Soft Tissue Injection for Pain: Care Instructions

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Soft tissue injections are shots into an area of the body that is not a bone or a joint. They may be used in areas such as a tendon, a muscle, or a bursa. (A bursa is a sac of fluid that cushions and lubricates areas where tendons, ligaments, skin, muscles, or bones rub against each other.) These injections are often used to treat problems such as inflamed tendons (tendinitis) and bursas (bursitis).

These shots may be used to put in one or more medicines. Examples are local anesthetics that can help with short-term pain relief or steroid medicines that can give longer-term relief. Steroids don't always relieve pain. And when they do, it can take a few days to work. But when they work, the pain relief can last for several days to a few months.

Follow-up care is a key part of your treatment and safety. Be sure to make and go to all appointments, and call your doctor if you are having problems. It's also a good idea to know your test results and keep a list of the medicines you take.

How can you care for yourself at home?

  • Put ice or a cold pack on the area for 10 to 20 minutes at a time, if needed. Put a thin cloth between the ice and your skin.
  • Ask your doctor if you can take an over-the-counter pain medicine, such as acetaminophen (Tylenol), ibuprofen (Advil, Motrin), or naproxen (Aleve). Be safe with medicines. Read and follow all instructions on the label.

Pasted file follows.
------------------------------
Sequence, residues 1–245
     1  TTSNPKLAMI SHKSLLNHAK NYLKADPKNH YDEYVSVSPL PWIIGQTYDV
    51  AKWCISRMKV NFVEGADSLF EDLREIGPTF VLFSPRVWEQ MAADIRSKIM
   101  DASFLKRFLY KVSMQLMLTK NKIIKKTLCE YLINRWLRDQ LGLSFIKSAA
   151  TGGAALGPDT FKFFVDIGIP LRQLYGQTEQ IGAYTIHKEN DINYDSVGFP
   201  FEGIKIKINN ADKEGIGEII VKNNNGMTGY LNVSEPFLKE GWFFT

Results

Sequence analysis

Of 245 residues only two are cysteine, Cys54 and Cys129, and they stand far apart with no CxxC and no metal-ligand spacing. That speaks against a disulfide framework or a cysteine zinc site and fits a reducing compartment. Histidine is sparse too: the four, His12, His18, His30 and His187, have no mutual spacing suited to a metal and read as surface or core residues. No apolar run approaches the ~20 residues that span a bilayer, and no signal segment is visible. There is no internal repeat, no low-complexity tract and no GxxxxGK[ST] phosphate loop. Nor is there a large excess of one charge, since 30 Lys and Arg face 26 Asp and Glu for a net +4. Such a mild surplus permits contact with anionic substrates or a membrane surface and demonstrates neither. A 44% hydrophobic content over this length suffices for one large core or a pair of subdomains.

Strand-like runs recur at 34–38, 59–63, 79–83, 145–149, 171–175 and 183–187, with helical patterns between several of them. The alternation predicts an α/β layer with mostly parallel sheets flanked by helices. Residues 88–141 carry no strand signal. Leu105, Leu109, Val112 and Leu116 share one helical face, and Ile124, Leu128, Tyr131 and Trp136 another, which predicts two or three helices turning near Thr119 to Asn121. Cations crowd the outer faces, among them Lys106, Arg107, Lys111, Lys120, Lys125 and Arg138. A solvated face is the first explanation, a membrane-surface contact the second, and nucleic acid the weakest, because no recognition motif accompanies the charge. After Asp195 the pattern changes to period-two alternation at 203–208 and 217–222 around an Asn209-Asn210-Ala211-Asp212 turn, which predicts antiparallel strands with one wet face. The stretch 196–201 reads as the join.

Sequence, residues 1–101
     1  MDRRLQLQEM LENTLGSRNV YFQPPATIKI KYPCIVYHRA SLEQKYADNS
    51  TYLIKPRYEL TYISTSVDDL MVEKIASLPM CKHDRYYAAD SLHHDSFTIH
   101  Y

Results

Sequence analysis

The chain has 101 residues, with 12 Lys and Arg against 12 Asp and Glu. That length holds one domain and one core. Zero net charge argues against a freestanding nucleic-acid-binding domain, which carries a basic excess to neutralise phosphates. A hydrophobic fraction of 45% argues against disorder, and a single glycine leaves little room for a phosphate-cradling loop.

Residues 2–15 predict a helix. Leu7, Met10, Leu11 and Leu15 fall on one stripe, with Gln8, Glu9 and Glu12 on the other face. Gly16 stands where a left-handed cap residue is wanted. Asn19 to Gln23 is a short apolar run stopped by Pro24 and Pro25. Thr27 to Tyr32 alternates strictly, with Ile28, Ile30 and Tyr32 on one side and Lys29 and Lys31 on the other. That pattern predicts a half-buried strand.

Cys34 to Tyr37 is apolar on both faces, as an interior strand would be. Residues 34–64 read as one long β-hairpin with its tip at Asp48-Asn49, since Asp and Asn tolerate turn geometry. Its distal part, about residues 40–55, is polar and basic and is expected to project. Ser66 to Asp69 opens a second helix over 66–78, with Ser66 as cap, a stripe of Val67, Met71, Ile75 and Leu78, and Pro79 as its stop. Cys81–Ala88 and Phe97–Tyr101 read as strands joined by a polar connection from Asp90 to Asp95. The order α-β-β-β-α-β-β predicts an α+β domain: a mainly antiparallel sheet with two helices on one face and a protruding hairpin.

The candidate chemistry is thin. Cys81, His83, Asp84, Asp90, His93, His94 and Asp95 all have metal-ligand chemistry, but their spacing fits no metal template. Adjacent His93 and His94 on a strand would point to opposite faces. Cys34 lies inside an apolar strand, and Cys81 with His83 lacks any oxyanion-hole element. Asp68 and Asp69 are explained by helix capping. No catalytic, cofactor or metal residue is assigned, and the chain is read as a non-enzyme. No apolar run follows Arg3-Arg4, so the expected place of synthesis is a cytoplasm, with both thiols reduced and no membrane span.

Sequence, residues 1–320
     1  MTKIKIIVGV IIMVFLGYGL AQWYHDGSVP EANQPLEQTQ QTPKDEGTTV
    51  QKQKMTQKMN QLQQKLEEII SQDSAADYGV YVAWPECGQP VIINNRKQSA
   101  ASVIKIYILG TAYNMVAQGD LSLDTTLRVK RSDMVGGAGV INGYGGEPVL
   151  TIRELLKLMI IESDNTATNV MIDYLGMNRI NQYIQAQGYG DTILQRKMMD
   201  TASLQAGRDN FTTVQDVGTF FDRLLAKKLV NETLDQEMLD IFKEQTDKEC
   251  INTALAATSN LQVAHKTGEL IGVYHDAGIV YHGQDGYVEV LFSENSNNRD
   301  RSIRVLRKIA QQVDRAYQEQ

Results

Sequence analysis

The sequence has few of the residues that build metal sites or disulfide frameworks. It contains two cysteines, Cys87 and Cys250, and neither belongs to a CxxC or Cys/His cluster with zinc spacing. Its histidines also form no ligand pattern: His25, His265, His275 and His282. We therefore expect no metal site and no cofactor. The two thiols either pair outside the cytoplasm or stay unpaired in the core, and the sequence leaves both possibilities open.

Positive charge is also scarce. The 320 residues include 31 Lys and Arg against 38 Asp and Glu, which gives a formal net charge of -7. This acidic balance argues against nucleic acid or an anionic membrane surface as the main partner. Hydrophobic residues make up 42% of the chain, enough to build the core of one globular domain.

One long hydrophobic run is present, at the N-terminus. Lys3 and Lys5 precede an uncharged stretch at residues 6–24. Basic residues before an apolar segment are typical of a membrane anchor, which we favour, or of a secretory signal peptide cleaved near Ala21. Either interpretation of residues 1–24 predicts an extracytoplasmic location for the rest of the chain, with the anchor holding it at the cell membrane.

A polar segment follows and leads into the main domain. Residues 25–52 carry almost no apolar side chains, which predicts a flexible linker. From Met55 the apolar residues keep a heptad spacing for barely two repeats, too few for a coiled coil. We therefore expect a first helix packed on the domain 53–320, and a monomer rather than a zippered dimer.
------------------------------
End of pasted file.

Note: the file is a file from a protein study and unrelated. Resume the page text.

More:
• Avoid strenuous activities for as long as you have pain. In particular, avoid ones that put stress on the area where you got the shot.
  • If you have a bandage over the area, keep it clean and dry. You can remove it when your doctor tells you to.

When should you call for help?

Call your doctor now or seek immediate medical care if:

  • You have symptoms of infection, such as:
    • Increased pain, swelling, warmth, or redness.
    • Red streaks leading from the area.
    • Pus draining from the area.
    • A fever.

Watch closely for changes in your health, and be sure to contact your doctor if you have any problems.

Where can you learn more?

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The Health Encyclopedia contains general health information. Not all treatments or services described are covered benefits for Kaiser Permanente members or offered as services by Kaiser Permanente. For a list of covered benefits, please refer to your Evidence of Coverage or Summary Plan Description. For recommended treatments, please consult with your health care provider.